It's not that the don't try to help each other sometimes, but it often seems to be in the spirit of hoping to stir up trouble as much as to be supportive.
Spoiler: show
Madarame and Saki
are steered into a situation where they do some air-clearing and are probably better off for it, but the result is less than romantic; I found it a bit anti-climactic, in any sense of the word.

There are some wonderfully funny moments in the tradition of the first season, but few and far between. If I want to have a story about a club that spends more time tearing each other down than building each other up, I've got Haganai. As I say, that's not what I go to Genshiken for. If the second season had been the first, I'd have never gotten past about the second volume.

Besides venting, I'm curious what anyone else's take on the situation is.
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Re: Genshiken - season one vs. season two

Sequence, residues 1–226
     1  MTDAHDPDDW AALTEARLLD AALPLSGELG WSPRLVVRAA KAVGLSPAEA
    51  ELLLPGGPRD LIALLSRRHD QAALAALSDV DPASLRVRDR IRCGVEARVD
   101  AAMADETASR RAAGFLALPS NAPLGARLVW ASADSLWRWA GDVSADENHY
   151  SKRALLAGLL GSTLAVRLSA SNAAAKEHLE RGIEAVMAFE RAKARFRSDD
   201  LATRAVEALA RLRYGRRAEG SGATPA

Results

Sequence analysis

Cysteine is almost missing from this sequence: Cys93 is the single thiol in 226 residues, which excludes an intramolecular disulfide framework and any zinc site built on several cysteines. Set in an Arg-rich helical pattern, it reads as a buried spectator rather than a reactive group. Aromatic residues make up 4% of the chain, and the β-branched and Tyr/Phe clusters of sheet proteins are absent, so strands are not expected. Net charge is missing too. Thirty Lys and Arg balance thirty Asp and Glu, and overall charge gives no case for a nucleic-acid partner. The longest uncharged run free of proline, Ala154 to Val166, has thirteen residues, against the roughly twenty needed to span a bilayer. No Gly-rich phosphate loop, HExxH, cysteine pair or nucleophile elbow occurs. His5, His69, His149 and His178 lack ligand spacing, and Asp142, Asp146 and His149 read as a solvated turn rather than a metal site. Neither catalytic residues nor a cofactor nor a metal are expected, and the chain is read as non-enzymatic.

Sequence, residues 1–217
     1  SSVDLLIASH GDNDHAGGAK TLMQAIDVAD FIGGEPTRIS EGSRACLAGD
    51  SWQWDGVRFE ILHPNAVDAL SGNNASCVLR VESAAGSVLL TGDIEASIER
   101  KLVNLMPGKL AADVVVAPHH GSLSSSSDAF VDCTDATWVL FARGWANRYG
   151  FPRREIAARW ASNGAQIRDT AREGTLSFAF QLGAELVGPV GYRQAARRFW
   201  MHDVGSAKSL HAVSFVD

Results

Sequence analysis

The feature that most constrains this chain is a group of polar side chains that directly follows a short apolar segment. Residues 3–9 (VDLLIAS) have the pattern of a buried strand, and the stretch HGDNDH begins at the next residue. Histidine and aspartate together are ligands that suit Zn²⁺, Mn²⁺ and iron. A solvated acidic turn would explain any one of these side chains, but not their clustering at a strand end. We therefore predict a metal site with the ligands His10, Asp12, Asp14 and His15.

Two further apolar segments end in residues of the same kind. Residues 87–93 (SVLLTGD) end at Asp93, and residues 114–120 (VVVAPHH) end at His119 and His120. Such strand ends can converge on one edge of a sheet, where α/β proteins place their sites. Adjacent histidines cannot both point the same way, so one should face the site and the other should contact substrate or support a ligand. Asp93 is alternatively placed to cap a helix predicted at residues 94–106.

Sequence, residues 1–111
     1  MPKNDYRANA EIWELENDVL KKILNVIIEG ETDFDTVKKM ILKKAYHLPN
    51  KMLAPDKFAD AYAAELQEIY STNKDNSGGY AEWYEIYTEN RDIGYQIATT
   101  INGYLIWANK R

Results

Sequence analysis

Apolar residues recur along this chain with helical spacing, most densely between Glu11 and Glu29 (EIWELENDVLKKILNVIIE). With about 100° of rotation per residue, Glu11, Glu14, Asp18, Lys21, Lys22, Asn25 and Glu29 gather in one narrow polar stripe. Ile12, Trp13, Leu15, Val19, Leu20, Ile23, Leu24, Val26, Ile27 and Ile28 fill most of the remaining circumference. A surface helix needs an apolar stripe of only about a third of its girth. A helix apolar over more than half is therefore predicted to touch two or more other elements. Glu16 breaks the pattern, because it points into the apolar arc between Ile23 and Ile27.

Postby Kokon Tozai » Tue Sep 23, 2014 8:14 am

All you say is true I won't disagree. A year (or so?) ago mainly ZR74 & I exchanged a few posts here about that series so I've said most what I want to already. But the confrontational scene between Madarame & Kasukabe is the golden punch line that evened the score overall. I liked the clever explanation at the end of the 1st eps explaining Season 2 vs Generation 2 confusion.

One of the biggest strengths of this series concept is that it could, if the creators wanted, go on forever. New school years, new members. A show where no one has to be killed off to be replaced. Always a new buzz in anime to anchor the next season. So I'm more tolerant perhaps because I see in that possibility the chance, as in real life, people that you like maybe quite a bit or not so much. Good & bad club years. You said your Genshiken years were at age 18>30. That's 12 years & enough for 3 generations of Genshikens. I imagine there were good & bad years in your own time frame experience.

So it would be great if there was a Genshiken Generation3. Even I don't think there is anything in the works. It would be a chance to return to a series that spoke so vibrantly in the first.
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Re: Genshiken - season one vs. season two

Postby ZeroRyoko1974 » Wed Jan 28, 2015 12:37 am

NIS is releasing Genshiken 2nd generation at a pretty decent price. http://store.nisamerica.com/genshiken-s ... um-edition